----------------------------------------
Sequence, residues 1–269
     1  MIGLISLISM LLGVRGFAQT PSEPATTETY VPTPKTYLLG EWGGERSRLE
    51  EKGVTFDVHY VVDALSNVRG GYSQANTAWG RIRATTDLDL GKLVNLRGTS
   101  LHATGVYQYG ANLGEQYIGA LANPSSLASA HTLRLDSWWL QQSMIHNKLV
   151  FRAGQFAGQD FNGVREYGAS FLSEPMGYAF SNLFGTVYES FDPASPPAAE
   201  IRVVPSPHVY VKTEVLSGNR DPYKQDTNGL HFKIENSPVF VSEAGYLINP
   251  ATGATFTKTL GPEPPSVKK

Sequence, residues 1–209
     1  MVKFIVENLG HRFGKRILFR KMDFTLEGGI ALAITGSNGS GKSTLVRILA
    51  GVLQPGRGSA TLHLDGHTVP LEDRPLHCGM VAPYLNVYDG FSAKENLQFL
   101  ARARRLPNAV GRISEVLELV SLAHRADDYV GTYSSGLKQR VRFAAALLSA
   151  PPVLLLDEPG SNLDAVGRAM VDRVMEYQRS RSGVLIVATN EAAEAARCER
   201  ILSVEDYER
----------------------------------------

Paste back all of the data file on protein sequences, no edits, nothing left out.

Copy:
Sequence, residues 1–269
     1  MIGLISLISM LLGVRGFAQT PSEPATTETY VPTPKTYLLG EWGGERSRLE
    51  EKGVTFDVHY VVDALSNVRG GYSQANTAWG RIRATTDLDL GKLVNLRGTS
   101  LHATGVYQYG ANLGEQYIGA LANPSSLASA HTLRLDSWWL QQSMIHNKLV
   151  FRAGQFAGQD FNGVREYGAS FLSEPMGYAF SNLFGTVYES FDPASPPAAE
   201  IRVVPSPHVY VKTEVLSGNR DPYKQDTNGL HFKIENSPVF VSEAGYLINP
   251  ATGATFTKTL GPEPPSVKK

Sequence, residues 1–209
     1  MVKFIVENLG HRFGKRILFR KMDFTLEGGI ALAITGSNGS GKSTLVRILA
    51  GVLQPGRGSA TLHLDGHTVP LEDRPLHCGM VAPYLNVYDG FSAKENLQFL
   101  ARARRLPNAV GRISEVLELV SLAHRADDYV GTYSSGLKQR VRFAAALLSA
   151  PPVLLLDEPG SNLDAVGRAM VDRVMEYQRS RSGVLIVATN EAAEAARCER
   201  ILSVEDYER